I love you as certain dark things are to be loved,/in secret, between the shadow and the soul. ~ Pablo Neruda
When a secret love and blasphemy of sisterhood led a young nun to the end of roads, then one would wonder why the divine love remains largely unacknowledged and unaccepted in society. The Intern, a short film written and directed by Gaurav Kuri, leaves a trail of questions for the society as well as about it.
The film, which will be screened at the International Film festival of South Asia Toronto next month, is not just about same-sex love and its acceptance in society but also the restrictions and taboos which dominate judgements even in a modern world.
“I decided to represent on screen a small subject under the umbrella of the whole LGBTQ… because I feel that, as a filmmaker, I have a responsibility to the society in which we all live… I think it’s the same everywhere in the world. It is still considered to be a taboo. But I must admit that times are changing,” Kuri, a 29-year-old graduate from Rookala Kendro film institution in Kolkata, told Sunday Monitor.
Kuri’s interest in the other dimensions of love and existence was piqued a few years ago when he was working on a public service announcement “for which I read a lot on LGBTQ and it stayed on into the short film also”.
The young filmmaker, who is an alumnus of Laban Bengalee Boys’ Higher Secondary School, impressed viewers at several film festivals. The Intern was his project for student short film under Roopkala Kendro.
The Intern is about a teacher’s relationship with one of her students and how their love would spell doom for the young nun. “I was around churches my entire life because I was born and reared in Shillong. I tended to go into empty churches so I could experience the silence that surrounds it. Most of the time, it felt certain. I wanted to imitate that setting in this film,” said Kuri.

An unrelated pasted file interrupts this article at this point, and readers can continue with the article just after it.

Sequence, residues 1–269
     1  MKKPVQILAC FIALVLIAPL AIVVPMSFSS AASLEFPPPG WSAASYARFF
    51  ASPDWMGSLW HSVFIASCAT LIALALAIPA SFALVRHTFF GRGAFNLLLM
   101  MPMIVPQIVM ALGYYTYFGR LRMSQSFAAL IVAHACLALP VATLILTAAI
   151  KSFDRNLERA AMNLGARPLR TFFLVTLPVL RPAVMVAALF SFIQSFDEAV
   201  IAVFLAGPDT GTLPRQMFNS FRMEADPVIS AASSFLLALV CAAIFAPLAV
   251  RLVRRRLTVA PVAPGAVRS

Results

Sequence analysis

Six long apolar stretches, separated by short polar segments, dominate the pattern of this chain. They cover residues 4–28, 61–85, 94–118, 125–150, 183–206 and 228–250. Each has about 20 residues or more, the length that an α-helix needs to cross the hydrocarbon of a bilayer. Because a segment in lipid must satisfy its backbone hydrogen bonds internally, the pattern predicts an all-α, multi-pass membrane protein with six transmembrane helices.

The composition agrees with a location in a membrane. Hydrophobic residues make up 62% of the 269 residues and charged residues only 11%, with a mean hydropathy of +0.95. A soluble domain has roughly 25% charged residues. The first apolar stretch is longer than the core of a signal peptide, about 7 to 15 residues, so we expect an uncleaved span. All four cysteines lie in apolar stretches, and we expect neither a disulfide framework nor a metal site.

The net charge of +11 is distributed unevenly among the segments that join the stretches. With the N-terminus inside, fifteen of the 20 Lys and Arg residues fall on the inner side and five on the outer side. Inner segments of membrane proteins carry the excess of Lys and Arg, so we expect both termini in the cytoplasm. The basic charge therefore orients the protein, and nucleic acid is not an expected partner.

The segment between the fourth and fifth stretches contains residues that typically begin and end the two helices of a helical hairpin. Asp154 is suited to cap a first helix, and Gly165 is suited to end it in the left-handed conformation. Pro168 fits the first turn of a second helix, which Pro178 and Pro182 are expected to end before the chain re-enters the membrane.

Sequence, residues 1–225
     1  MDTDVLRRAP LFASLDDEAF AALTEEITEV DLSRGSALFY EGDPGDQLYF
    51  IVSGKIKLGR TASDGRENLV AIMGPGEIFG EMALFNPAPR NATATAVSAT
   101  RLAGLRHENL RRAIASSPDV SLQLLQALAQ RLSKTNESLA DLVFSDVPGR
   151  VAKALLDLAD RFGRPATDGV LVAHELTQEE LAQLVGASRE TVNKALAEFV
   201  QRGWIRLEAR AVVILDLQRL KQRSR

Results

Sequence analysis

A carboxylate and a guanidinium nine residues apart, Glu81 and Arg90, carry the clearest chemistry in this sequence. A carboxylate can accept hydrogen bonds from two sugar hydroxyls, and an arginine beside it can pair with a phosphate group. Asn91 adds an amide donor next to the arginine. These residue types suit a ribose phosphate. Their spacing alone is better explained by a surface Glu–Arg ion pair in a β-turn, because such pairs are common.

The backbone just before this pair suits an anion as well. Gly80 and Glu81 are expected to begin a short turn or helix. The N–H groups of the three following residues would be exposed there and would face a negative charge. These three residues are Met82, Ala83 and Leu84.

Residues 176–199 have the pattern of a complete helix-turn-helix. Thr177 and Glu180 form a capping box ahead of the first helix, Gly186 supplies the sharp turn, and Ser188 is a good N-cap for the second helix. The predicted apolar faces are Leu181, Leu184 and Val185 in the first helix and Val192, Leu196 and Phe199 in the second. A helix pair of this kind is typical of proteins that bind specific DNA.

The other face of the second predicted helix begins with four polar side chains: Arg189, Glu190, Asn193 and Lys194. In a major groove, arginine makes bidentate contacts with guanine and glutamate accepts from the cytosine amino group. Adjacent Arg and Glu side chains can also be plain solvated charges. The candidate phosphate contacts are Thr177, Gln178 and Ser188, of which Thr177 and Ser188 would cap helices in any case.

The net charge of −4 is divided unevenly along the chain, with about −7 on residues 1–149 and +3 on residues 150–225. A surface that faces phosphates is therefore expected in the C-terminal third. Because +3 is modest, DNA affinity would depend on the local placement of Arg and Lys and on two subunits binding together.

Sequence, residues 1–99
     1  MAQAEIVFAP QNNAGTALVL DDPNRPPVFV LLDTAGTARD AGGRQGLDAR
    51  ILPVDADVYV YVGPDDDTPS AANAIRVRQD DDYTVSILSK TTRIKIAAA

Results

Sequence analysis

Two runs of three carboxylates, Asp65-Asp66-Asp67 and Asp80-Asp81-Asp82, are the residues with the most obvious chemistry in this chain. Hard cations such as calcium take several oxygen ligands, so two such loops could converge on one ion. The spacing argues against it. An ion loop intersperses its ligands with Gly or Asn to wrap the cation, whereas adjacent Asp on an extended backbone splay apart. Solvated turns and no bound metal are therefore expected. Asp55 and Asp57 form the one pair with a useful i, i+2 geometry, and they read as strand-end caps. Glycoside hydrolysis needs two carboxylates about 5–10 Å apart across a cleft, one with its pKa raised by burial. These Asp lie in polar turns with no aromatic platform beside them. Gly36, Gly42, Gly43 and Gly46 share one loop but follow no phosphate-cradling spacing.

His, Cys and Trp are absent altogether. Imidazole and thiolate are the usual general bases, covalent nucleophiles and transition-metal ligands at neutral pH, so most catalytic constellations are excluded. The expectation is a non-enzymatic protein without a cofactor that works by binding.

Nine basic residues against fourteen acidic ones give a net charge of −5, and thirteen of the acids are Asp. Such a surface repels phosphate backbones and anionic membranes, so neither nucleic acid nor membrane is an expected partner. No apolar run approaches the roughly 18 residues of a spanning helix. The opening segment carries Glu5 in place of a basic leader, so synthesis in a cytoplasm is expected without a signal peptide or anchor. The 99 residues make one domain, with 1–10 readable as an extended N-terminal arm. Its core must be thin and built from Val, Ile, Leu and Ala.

Talking about his journey to the Toronto film festival, Kuri said, “The Intern was the team’s pure labour of love. This was the first time the core crew shot a short film with a decent budget. The project was a part for our academic programme at Roopkala Kendro, a film school supported by the state of West Bengal. The whole team shared a strong sense of purpose. So, the fight was already won in part. The feedback was overwhelming for the entire team once the project was finished and sent out for screenings and festivals. Having people enjoy your work makes you feel wonderful all the time. That way, it’s incredibly motivating.”
Kuri has also made a documentary, Gessu (Hair). “Hair served as the sole source of inspiration for Gessu. I wanted to hear what people thought about hair. What their opinions are about it. The documentary has numerous layers that came directly from the subjects themselves and exposed many socially constrained viewpoints,” said the young director from Barapathar locality in Shillong.
According to Kuri, cinema is a stronger medium than words or pictures alone for expressing oneself.
~ Team Sunday Monitor